Make connections. Even if you are working on a narrow topic or in a specific place, ask questions that help relate the research to broader trends, patterns, and contexts. Doing this will help show how funding a seemingly distinct research project helps fuel larger debates. For example, show how someone working in a small town in Outer Mongolia will help understand the broader process of post-Soviet economic transformations.
The research question should be clear.
Clear questions tend to be short, conceptually straightforward, and jargon-free. This does not mean they have to be overly simplistic; but save your theoretical gymnastics and abstract disciplinary language for the analysis. Work to keep your questions as lucid and simple as possible. This may be easier in some cases than in others, but some of the strongest and most theoretically sophisticated proposals we reviewed were framed by some of the simplest, most straightforward research questions. In contrast, the most complicated questions tended to appear in proposals where the researcher seemed more interested in demonstrating his/her theoretical knowledge than in engaging the research itself. Below are simple ways to keep your question clear.
Ground the questions. Keep your questions close to the topic or place you are researching. Questions that are too abstract or obtuse make it difficult for the reader to determine your question's relevance and intent. You must still link your question to a larger context, but ground that connection in temporal and spatial specifics.
Limit variables. If a question is burdened with too many variables or too many clauses it becomes both difficult to read and difficult to research. Here are two contrasting examples from the SSRC web site: a question like "Was the decline of population growth in Brazil the result of government policies?" is much easier to understand than "Was the decline in population growth in Brazil related more to sex education, the distribution of birth control, or resource depletion?" You may talk about all these factors in your proposal, but the first question allows the reader to focus on the central aspect of your research rather than the variables surrounding it.
The research question should be researchable.
Research questions need to be clearly "doable." One of the most common rationales for rejecting proposals is that the question is simply too expansive (or expensive) to be carried out by the applicant. There are many questions that you will need to ask yourself to avoid this pitfall. Above all else, consider your limitations. Many very practical questions need to be considered when choosing your research question. First among them is: How long will the research take to carry out? Next, do you have the appropriate background to carry out the research? Are there ethical constraints? Is the project likely to be approved by your advisor and your university's committee for the protection of human subjects? Can you obtain the cooperation from all the necessary individuals, communities and institutions you need to answer the question you have asked? Are the costs of conducting the research more than you will be likely to raise? If I can't complete this project well, can I break it down and address the most important component? Remember that writing a research question is an iterative process and such concerns need to be carefully considered in your research design and budget.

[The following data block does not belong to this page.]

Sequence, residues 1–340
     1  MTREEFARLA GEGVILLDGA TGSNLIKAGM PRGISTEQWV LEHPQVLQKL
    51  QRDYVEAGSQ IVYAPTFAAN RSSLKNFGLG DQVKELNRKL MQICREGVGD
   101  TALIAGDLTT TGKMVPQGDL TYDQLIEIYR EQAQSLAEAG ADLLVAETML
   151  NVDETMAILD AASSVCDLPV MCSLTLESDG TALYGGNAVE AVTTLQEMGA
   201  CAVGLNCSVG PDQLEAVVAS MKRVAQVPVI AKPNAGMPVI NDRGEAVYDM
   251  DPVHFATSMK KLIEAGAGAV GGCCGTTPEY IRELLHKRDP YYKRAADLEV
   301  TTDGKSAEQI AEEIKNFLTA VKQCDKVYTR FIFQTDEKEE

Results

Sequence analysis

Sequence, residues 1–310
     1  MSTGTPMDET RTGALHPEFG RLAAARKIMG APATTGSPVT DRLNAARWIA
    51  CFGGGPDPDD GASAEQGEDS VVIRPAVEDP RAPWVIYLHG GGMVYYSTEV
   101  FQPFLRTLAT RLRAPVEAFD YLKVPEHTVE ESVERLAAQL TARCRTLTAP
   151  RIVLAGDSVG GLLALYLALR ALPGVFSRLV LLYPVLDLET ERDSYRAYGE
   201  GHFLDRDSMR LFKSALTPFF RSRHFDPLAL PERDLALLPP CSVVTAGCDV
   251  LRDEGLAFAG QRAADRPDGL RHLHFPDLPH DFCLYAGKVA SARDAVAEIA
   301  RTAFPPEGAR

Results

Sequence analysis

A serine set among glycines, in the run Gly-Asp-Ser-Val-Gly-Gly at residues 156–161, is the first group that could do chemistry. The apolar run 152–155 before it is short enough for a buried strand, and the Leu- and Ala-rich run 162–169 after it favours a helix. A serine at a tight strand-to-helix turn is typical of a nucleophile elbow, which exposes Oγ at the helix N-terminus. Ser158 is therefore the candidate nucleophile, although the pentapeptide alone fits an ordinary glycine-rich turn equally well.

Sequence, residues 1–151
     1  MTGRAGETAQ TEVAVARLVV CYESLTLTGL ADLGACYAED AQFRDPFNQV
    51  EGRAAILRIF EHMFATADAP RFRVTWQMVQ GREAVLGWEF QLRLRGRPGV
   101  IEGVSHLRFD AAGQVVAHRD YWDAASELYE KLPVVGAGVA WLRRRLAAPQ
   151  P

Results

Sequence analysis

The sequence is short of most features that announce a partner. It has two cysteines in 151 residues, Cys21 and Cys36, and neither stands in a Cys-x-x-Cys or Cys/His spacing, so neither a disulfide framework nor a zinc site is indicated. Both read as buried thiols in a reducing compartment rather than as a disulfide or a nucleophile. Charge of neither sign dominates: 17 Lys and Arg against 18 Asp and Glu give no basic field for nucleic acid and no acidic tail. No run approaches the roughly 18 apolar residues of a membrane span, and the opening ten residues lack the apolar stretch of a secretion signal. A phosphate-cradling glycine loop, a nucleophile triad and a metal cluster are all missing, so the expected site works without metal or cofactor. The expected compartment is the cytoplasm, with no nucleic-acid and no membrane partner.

Creating an effective research design is likely to be one of the most difficult and eminently useful tasks in drafting a proposal. An effective research design links abstract and stylized concepts and questions with the empirical world's complexities and challenges. A research design must at once be specific and highly flexible. It must be expansive enough to adapt these very complexities while still pointing you towards relevant data. The methods you use should be extensions of your substantive question and epistemological orientation. Contrary to some disciplinarians' claims, there is no single research model that one can or should follow. Numerous alternatives must always be considered and choices made. What follows is a set of general principles and questions to consider in making those choices. Whether or not these questions help ensure funding, they will help guide you as you start to navigate "the field."